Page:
Judging Criteria for Champions' Award Applications
Projects must address one or more of the following: prevention or reduction of pollution in the air, water or land; waste reduction; restoration, preservation or enhancement of natural areas; water or energy efficiency. Projects should educate the community and make a lasting difference to the environment. Winning projects are well planned, logical, and are highly like to meet goals and objectives. Be as detailed as possible when completing the application. Projects are evaluated on the degree to which they satisfy the following criteria:
- Benefits to the Environment--Project offers definite improvement/protection of the environment through one comprehensive program or through multiple activities
- Outreach--Project offers extensive education or involvement opportunities for those outside the project (school, parents, and/or the community)
- Student Education--Project offers strong, clearly defined learning opportunities
- Suitable Use of Funds--Project budget clearly states how use of funds are directly related to the project and its goals; see "Stretching Your Buck" below
- Student Involvement--Project is largely designed by students and/or implemented by students
- Realization Factor--Project is highly likely to meet goals and objectives
- Sustainability/Long Term Benefits for the Environment or Environmental Learning--Project will take place over many years, is sustainable, and will have long-term benefit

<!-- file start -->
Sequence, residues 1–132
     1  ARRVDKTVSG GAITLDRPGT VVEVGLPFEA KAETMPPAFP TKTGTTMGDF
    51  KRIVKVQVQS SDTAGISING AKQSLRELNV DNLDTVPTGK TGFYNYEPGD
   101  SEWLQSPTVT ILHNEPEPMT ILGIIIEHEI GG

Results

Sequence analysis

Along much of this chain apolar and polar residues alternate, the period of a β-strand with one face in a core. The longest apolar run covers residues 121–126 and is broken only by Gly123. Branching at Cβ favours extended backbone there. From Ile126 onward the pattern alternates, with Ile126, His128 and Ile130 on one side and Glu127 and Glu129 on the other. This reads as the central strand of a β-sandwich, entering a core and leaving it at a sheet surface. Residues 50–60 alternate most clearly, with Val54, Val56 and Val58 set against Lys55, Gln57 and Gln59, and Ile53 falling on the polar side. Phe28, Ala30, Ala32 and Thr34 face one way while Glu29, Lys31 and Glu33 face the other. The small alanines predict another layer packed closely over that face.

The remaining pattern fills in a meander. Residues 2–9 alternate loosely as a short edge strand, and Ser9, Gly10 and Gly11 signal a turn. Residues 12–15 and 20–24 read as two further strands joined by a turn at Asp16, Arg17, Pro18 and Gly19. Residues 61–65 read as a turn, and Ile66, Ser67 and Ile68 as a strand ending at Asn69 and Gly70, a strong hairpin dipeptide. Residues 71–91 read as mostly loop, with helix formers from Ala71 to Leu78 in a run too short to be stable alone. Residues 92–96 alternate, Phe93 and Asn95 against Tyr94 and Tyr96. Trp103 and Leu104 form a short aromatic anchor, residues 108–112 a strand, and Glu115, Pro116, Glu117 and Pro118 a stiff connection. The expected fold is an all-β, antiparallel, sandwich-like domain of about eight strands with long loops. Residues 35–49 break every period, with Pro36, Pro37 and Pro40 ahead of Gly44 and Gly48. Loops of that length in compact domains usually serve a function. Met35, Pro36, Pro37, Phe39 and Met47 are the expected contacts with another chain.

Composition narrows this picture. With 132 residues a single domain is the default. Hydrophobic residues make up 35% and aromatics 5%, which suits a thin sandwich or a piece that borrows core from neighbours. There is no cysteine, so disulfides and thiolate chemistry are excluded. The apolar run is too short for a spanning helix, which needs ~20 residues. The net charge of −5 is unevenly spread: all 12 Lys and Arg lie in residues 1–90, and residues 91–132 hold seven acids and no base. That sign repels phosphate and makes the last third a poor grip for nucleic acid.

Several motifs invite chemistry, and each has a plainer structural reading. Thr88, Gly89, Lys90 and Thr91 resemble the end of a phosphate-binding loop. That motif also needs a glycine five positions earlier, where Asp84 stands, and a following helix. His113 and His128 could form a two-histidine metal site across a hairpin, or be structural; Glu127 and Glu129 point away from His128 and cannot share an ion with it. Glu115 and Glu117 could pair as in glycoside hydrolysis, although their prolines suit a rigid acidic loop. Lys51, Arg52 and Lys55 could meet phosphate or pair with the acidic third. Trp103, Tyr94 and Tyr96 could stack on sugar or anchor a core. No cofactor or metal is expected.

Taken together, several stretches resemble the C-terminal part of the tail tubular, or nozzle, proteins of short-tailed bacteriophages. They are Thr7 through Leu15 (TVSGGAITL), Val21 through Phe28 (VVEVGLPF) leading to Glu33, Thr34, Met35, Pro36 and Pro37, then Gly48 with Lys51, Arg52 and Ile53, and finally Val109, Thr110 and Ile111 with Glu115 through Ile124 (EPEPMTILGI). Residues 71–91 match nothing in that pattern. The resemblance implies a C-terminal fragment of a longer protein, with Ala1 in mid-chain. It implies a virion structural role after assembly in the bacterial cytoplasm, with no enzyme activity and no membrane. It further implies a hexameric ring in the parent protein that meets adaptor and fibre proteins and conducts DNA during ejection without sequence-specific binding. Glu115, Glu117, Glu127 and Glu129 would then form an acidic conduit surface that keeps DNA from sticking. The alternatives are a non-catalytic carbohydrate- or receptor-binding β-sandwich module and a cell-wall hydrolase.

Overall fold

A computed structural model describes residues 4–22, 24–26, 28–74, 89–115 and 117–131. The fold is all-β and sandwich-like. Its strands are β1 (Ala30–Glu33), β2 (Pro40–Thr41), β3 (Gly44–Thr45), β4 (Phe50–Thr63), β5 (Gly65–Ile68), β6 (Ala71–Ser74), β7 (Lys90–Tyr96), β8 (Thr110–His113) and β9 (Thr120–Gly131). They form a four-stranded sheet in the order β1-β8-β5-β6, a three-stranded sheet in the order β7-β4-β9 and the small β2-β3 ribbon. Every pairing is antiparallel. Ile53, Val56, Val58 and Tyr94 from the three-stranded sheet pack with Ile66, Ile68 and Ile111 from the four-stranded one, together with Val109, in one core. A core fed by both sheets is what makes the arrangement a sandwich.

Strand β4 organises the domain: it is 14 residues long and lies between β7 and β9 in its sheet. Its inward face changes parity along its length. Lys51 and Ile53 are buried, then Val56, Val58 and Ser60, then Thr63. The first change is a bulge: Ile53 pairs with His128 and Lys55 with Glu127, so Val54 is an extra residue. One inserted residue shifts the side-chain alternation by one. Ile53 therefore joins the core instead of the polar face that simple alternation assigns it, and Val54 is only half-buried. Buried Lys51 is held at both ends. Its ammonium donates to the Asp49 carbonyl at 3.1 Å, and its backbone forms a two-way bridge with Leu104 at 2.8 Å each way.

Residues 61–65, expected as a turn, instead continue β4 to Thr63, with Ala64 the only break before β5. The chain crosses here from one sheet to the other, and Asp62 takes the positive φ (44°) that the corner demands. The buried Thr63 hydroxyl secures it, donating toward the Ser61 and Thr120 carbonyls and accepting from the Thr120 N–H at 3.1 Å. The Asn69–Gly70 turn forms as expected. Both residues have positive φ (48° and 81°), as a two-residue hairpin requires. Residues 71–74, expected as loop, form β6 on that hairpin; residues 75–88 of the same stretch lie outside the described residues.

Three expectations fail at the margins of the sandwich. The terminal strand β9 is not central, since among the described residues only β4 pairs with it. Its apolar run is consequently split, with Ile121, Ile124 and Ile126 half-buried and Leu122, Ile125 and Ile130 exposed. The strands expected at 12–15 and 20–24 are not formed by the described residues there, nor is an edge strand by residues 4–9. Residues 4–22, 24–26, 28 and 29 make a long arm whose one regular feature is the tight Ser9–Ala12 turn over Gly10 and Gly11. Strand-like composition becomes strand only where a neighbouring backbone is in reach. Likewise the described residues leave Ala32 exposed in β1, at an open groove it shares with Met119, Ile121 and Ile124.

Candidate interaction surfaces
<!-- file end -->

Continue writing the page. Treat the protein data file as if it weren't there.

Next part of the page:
- Innovative and/or Creative--Project is something new or uses a novel approach to address a common issue
- Partnerships--Outside partners, volunteers, or other environmental education programs (like Green Steps) are actively involved, providing additional resources, knowledge, or donations to the project
Stretching Your Buck
Champions is a competitive grant program; therefore, a limited number of projects will receive funding. Priority will be given to applications that make the most of this one-time funding. Consider using the funds to pay for something you would not/could not otherwise provide. Here are some suggestions to help you stretch your funds and get the biggest bang for your buck:
- Although not required, securing additional funding from other grants, private donations or other sources can strengthen your proposal. If other sources of funding have been, or will be, made, include this information in the application.
- If mulch is needed for a garden project, check with county and city offices. Sometimes they give away mulch for free. Also, check with local garden centers. They might be willing to donate landscaping supplies.
- If you need to print outreach materials, print two-sided. It's environmentally friendly and economical!
- Borrow construction tools from parents or teachers.
- Purchase supplies that can be stay with the classroom like binoculars, recycling bins, microscopes, books, etc.
- Talk to parent/teacher organizations, civic groups, and local businesses to secure donations of time, food, giveaway items like t-shirts and prizes, or any items that may be used only once. If field trips will be scheduled, coordinate with parents to serve as chaperones. These steps free you up to purchase items that directly support the goals of the project. If donations have been or will be made, include this information in the application.
- Start a septic tank maintenance program to minimize human health risks from untreated sewage, and educate people about the environmental pollution caused by failing septic tanks.
- Implement a storm drain-marking program to raise awareness about non-point source pollution.